And the greatest testament, I think, is just, is the area and the residents and how active they have been with their own eyes and ears, taking the cue from police from the very beginning about trying to be educated as to how they become good witnesses, what they look for in a shooting scene, if they hear a gun shot, what do they do? How do they respond? All of those elements right now have been pulled into this story in Virginia and Maryland and certainly the District, Washington, D.C.

Daryn, I don't know what you want to add to that. I see you shaking your head in agreement. Go ahead.

KAGAN: Well, we've been having this conversation ongoing throughout the morning here. I'd just like to comment on the timing, not just of the news briefing that we just heard, but we're also trying to track down when the next news briefing might be. Of course, it was originally set for 12:00 noon. That now is a fluid situation. I want to let you -- give you some perspective of what we saw last night, when they came out with this first news conference with this first statement, when they were trying to talk...

HEMMER: I hate to do this to you, I'm sorry, there's a briefing under way right now at the Exxon in Richmond, Virginia.

Is that right? Let's dip in and see what we can or cannot hear right now.

UNIDENTIFIED MALE: Okay. Right now, I'm not real sure.

QUESTION: Can you at least tell us if this is a major break in the case?

UNIDENTIFIED MALE: I really can't elaborate on anything else. Thank you very much for your patience.

QUESTION: Can you tell me how long you've been out here? What time did you all respond? Can you give me that?

UNIDENTIFIED MALE: Early this morning.

QUESTION: Okay.

UNIDENTIFIED MALE: Thank you.

HEMMER: All right. It was brief, and it was short. Will not, cannot elaborate on anything right now. I don't know what they said prior to us going to them, but law enforcement out in force in a big, big way at that Exxon station in Richmond there.

KAGAN: Yes, and even though we got to that a little bit late, our Ed Lavandera is there on the scene. And we'll get him up in just a couple seconds and find out what was said.

But I just wanted to say, last night when they came out with this first statement in trying to talk to the sniper, that news conference slid by at least an hour, an hour and 15 minutes. You know when they come out -- before they come out, that they are sitting there, each word that they say when they come out, has been gone over very, very carefully and they are carefully crafting those messages that they're trying to get out there. And that's why they come out and they say no questions. They have a specific point, they say it and they get in and they get out.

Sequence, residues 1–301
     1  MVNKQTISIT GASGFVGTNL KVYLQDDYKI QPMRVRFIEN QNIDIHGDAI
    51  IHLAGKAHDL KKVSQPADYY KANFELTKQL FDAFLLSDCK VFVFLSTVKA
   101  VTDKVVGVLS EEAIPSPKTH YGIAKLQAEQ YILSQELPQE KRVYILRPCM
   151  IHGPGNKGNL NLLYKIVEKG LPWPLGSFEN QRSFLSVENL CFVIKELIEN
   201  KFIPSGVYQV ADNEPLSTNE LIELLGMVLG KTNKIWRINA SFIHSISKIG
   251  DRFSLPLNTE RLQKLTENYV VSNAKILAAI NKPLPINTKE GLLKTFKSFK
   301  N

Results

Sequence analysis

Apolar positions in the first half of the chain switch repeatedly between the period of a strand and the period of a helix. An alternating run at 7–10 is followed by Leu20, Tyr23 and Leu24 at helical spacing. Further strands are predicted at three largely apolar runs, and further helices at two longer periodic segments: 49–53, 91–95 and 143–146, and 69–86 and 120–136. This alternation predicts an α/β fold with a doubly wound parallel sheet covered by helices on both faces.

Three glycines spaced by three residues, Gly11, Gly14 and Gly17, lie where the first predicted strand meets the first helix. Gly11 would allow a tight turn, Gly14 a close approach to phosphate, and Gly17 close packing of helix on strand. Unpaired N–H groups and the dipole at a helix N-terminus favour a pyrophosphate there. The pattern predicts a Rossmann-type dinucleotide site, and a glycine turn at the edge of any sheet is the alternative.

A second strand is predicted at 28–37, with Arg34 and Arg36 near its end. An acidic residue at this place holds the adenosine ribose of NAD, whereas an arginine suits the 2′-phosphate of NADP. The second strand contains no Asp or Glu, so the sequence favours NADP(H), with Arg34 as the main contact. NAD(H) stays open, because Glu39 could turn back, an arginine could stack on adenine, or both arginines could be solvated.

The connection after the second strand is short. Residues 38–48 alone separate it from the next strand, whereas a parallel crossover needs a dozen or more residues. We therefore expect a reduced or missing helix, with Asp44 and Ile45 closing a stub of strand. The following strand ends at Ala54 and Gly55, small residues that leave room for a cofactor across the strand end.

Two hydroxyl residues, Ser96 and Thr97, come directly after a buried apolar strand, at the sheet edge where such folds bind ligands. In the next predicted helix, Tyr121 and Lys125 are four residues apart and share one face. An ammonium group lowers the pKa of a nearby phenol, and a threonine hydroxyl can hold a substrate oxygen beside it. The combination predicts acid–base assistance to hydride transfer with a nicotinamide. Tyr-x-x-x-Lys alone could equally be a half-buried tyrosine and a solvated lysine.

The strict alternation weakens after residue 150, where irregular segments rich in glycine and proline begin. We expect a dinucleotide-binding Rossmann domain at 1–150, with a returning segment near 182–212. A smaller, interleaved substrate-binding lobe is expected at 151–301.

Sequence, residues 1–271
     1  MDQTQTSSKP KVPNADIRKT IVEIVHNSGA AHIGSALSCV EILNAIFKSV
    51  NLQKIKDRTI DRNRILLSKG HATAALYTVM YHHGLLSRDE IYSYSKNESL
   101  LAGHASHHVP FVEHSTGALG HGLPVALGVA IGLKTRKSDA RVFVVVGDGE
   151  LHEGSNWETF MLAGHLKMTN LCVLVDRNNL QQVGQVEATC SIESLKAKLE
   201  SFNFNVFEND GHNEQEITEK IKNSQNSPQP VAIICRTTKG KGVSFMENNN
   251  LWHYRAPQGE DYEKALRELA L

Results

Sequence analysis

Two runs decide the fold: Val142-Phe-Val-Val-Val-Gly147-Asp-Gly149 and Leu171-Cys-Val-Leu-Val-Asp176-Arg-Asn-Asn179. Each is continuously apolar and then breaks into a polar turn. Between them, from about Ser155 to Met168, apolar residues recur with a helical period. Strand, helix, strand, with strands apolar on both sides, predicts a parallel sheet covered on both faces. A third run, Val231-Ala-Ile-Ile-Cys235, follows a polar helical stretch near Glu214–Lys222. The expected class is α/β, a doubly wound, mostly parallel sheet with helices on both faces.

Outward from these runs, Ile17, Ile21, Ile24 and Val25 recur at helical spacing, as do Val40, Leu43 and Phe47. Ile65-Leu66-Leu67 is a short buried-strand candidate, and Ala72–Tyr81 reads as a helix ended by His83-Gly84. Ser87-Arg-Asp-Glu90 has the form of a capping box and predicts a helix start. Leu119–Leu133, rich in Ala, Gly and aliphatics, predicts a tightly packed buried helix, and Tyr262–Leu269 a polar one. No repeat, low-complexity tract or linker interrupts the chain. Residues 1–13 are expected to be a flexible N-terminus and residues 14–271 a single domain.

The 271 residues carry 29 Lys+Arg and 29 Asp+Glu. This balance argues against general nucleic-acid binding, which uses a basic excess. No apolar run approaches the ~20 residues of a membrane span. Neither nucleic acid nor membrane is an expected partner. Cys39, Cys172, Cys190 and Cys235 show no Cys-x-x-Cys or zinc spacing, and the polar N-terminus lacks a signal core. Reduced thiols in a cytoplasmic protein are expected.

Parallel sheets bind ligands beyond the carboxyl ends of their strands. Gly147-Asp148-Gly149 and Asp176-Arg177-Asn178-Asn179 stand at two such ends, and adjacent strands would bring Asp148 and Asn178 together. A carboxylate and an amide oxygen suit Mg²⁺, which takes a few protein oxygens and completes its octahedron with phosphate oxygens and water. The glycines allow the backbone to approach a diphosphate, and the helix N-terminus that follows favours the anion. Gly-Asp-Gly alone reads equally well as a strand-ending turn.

HEMMER: To our viewers, if you're just joining us, it was about, oh, wow, about an hour ago when Charles Moose came out earlier today. He took no questions. He came out and basically issued a statement. That statement reads -- the message that needs to be delivered is that we are going to respond to a message that we have received. He continued -- we will respond later. We are preparing our response at this time. Clearly a message of communication, going out with the sniper, some relationship has been set up and established. How deep it is, how firm it is right now, how often it has taken place is something we just do not know at this point.

Ed Lavandera is ready to go right now. Ed, we caught the tail end of that briefing. Not sure what you heard. The indication we got is that police are not going to elaborate on anything they found out just yet. Hello again.

LAVANDERA: Bill, the authorities just holding a brief, impromptu statement here, just kind of giving the news media that showed up here at this scene a heads up as to what's going to be going on. In two hours we're told that the local, state and federal authorities will hold a briefing at a parking lot just on the other side of the Exxon gas station here. They won't elaborate on what's going to be said or who exactly is going to be showing up, but they do say that the investigation here is ongoing. They wouldn't comment on any specifics -- no specifics at this point, but we were able to tell you that law enforcement sources, federal law enforcement sources, tell CNN that two people have been arrested here today. Not sure exactly if there's any connection yet, just as of yet, as to whether or not this is related to the sniper incident, but perhaps all of that will be cleared up here in the next couple of hours as local, state and federal authorities gather for a press briefing, and that's what the authorities here on the ground are aiming for in the next couple of hours.

Bill?

HEMMER: All right, Ed, thanks, standing by down there at that Exxon station where the hub of activity circles now.